Little Sandy Glass is an Alabama Maker not afraid of the heat

Little Sandy Glass is an Alabama Maker not afraid of the heat
Heather Hepp of Little Sandy Glass in Tuscaloosa has a burning passion for working with glass. (Mark Sandlin / Alabama NewsCenter)

Little Sandy Glass (Tuscaloosa)

The Maker: Heather Hepp

The temperature inside a glass-blowing furnace can reach more than 2,000 degrees, but after years of experience, Heather Hepp is used to the heat.

The talented craftsperson has been turning raw glass into functional and fun items, such as soap dispensers, olive oil bottles and bright red pumpkins, for nearly three decades. “It’s fascinating work, but you have to prepare,” Hepp says. “Before starting to work with the furnace, you’d better hydrate. It can get extremely hot in the studio.”

Joined by her fiancée, Crichton Minges, Hepp runs Little Sandy Glass from a tree-shaded studio near Tuscaloosa. There the duo creates blown-glass artwork they exhibit on their Facebook page and sell at art shows and markets, such as the Tuscaloosa River Market and Market at Pepper Place in Birmingham.

A New York native, Hepp discovered the colorful craft in Idaho, training and then teaching at the Boise Art Glass studio. In Boise, she learned how to heat, bend, weld and wind fragile materials into works of art.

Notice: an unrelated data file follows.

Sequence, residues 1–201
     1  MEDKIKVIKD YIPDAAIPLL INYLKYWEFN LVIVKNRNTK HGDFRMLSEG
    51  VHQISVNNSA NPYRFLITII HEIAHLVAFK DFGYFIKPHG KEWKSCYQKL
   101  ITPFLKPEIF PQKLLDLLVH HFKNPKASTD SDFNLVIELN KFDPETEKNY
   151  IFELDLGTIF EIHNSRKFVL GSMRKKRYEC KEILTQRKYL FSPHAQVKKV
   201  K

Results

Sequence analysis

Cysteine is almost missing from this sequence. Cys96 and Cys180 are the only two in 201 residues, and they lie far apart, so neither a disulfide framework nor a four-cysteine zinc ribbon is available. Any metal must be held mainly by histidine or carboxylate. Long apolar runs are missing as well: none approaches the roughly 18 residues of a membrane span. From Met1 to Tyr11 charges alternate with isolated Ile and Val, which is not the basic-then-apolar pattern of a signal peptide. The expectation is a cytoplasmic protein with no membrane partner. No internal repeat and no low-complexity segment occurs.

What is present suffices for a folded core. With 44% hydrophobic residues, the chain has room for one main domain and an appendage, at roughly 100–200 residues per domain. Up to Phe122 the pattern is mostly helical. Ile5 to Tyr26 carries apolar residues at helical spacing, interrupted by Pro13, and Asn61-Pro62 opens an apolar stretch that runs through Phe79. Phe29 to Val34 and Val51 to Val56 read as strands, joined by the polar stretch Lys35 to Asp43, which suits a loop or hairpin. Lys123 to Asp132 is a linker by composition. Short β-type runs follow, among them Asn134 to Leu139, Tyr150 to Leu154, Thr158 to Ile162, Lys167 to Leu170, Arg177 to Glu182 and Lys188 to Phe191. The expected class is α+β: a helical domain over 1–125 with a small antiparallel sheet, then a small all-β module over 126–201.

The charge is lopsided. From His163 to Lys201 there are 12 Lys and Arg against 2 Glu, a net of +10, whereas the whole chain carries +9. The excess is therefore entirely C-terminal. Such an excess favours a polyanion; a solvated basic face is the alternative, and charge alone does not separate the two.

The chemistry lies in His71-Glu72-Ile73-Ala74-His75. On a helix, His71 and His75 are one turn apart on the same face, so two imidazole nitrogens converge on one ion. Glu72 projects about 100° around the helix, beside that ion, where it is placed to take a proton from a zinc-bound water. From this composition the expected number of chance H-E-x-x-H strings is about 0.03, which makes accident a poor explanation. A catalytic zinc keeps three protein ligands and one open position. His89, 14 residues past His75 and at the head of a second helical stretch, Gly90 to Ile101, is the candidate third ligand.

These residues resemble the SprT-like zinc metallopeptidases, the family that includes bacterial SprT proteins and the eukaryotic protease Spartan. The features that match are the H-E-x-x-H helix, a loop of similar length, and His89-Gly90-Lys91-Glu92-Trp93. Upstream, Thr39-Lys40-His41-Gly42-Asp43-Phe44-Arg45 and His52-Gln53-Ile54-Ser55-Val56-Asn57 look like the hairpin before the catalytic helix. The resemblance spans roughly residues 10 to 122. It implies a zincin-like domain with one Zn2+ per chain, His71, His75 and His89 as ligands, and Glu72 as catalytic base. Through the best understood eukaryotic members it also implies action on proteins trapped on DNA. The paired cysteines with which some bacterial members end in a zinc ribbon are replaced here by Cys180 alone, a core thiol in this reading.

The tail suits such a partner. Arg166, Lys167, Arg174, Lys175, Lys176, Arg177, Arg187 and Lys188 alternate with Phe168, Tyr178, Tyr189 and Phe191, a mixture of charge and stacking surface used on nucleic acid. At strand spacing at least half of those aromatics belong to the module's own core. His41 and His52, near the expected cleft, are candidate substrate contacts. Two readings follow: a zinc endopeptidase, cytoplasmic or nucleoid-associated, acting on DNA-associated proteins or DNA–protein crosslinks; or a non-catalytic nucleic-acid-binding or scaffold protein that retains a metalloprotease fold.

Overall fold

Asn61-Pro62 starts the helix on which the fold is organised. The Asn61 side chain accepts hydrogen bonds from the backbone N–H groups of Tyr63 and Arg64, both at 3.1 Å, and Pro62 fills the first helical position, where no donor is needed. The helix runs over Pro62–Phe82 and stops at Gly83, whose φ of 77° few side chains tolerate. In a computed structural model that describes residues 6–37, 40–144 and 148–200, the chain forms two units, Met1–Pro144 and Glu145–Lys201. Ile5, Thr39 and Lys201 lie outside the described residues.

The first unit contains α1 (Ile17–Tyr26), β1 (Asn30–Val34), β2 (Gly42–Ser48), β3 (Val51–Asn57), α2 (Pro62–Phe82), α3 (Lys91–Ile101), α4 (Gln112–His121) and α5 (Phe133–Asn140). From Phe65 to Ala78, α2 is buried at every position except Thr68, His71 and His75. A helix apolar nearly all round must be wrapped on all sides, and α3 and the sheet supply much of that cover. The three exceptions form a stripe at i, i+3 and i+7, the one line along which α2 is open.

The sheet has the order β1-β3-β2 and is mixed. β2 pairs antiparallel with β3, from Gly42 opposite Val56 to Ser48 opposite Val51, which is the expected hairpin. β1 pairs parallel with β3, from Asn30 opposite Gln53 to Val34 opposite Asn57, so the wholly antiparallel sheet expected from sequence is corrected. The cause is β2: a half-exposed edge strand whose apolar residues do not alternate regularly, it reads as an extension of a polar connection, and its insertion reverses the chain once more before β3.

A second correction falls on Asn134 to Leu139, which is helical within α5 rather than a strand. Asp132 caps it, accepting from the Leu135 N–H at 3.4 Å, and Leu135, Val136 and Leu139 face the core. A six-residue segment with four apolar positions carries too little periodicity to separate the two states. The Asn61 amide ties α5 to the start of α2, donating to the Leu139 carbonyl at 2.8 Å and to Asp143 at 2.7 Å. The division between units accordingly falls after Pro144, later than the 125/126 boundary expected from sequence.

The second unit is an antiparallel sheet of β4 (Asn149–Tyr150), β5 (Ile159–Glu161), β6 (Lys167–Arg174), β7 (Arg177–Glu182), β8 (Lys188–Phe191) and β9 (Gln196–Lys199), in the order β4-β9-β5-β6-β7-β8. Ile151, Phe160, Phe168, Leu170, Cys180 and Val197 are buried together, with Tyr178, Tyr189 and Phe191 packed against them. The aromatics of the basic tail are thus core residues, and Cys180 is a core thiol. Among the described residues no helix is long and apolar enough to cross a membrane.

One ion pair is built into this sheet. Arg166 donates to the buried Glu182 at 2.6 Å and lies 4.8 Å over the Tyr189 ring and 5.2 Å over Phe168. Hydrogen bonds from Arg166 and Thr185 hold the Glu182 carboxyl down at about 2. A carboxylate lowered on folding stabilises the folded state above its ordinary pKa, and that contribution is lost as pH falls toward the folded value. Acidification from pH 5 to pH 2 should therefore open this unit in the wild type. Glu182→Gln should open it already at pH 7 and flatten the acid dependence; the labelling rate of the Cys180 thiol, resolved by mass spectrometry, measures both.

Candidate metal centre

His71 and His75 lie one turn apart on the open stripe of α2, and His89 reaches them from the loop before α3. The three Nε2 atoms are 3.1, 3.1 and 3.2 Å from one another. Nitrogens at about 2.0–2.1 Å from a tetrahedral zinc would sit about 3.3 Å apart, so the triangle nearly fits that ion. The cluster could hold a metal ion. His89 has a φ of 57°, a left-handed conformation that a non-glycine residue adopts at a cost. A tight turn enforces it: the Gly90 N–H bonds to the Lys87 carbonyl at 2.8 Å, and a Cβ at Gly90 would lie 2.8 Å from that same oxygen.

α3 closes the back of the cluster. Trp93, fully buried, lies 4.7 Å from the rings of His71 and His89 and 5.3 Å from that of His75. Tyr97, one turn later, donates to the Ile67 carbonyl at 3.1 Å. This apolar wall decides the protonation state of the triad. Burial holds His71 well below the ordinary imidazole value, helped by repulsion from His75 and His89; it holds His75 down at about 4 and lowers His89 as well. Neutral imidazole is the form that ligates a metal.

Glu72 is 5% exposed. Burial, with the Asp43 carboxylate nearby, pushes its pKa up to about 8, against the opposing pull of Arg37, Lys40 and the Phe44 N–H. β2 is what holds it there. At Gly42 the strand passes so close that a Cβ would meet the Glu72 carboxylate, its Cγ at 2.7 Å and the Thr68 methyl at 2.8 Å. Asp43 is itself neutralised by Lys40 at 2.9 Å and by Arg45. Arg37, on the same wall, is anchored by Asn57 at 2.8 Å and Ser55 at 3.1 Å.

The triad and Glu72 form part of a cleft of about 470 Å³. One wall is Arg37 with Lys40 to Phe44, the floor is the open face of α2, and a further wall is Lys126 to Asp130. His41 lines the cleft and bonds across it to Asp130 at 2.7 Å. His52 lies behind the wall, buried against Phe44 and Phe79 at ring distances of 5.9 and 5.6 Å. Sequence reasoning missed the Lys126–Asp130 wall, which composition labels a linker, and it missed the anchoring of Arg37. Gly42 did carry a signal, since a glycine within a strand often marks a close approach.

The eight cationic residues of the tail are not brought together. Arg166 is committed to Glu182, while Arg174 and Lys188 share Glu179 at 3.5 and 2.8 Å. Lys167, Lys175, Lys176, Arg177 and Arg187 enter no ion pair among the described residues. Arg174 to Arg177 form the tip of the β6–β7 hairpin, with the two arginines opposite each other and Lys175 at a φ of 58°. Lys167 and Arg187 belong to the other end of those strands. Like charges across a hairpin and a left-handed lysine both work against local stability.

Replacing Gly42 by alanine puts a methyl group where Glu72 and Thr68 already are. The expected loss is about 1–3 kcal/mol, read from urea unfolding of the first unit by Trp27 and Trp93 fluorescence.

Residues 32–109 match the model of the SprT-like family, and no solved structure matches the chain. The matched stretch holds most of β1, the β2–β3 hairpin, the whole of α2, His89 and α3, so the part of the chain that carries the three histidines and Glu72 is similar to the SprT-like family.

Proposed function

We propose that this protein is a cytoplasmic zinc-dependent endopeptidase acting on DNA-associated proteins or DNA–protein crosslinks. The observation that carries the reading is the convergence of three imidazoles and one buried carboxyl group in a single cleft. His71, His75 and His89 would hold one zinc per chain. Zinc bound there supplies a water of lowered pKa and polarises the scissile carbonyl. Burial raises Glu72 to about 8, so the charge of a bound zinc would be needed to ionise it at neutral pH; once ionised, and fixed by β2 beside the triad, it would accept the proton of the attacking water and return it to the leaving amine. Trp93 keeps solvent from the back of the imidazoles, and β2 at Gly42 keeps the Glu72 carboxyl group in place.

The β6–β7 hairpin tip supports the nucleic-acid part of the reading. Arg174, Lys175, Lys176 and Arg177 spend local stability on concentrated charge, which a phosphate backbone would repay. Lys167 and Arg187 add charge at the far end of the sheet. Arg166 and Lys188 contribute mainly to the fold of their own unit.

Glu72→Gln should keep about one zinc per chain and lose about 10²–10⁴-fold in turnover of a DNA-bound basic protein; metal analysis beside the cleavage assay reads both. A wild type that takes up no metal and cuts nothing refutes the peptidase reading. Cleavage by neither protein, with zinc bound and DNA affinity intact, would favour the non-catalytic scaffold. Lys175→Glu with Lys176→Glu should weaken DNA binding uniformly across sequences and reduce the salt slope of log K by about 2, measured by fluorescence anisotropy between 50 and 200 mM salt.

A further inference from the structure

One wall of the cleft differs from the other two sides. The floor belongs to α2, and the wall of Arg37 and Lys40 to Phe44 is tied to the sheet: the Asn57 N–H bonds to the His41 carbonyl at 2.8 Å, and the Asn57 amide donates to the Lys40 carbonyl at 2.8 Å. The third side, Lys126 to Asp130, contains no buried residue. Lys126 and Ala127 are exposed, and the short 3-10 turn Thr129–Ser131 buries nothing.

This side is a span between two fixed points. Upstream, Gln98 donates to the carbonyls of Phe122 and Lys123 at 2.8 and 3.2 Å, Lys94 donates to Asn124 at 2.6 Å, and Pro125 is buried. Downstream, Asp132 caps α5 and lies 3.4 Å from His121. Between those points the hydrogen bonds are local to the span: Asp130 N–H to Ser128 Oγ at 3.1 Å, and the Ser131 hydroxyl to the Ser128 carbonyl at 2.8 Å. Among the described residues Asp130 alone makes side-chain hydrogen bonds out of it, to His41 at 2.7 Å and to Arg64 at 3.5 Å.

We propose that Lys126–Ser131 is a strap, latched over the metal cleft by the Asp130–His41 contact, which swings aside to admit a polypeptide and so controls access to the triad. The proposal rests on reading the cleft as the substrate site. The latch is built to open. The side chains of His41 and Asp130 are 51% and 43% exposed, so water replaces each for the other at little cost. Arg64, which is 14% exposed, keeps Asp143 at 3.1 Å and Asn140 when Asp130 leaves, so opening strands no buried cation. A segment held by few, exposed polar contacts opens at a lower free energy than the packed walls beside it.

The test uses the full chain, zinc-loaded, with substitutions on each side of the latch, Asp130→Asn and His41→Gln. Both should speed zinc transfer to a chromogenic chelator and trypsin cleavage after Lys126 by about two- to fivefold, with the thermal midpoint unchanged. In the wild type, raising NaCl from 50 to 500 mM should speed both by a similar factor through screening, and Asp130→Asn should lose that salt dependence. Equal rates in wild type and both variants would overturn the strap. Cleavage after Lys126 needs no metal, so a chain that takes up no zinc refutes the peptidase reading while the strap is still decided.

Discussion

Heather Hepp of Little Sandy Glass is an Alabama Maker fashioning furnace-fired art from Alabama NewsCenter on Vimeo.

“I was 32 when I started taking classes,” she says. “I had two kids, Gus and Arthur Wright, and during the day while they were in school I went to the studio. I really got into glass blowing — and wanted to do anything I could to stay involved in the craft — so I also went to night school and took welding lessons.”

In addition to learning how to craft glass, Hepp later helped build equipment for another studio’s hot shop. “For a while I worked at a place in the mountains of Idaho,” she says. “We couldn’t just run over to a store for an annealer (a device used to cool hot glass), so we would build our own.”

Hepp met Minges in Boise, and before long he was doing glasswork. Two years ago, the couple moved to Tuscaloosa, his hometown, and built the Little Sandy Glass studio just off Alabama Highway 69 about 10 miles south of town. “Crichton specializes in ‘borosilicate glass’ that takes more intricate torchwork, creating small, technically detailed items,” Hepp explains. “He’s very good at it, but I can’t sit still that long. I don’t do fine art, I consider myself more of a craftsman.”

Together, the couple craft a cornucopia of items ranging from crimson red pumpkins and heart-shaped paperweights to multisphere chandeliers. “When we moved, I wasn’t sure what would sell here,” Hepp says. “But last year our pumpkins did very well — you never can assume what people will like.

“I really enjoy exhibiting at the Tuscaloosa River Market. We’ve made regular customers now, and they show up to see what we have that’s new,” Hepp adds. “There’s just something about sunlight shining through a piece of blown glass. People love that.”

And luckily for them, Hepp’s not afraid to take the heat.

The Product: Blown-glass artwork ranging from olive oil bottles to decorative orbs, pumpkins and marbles.

Take Home: Hand-blown olive oil bottles ($40 and $50) or paperweights ($30)

14282 Old Greensboro Road, Tuscaloosa, Alabama 35405


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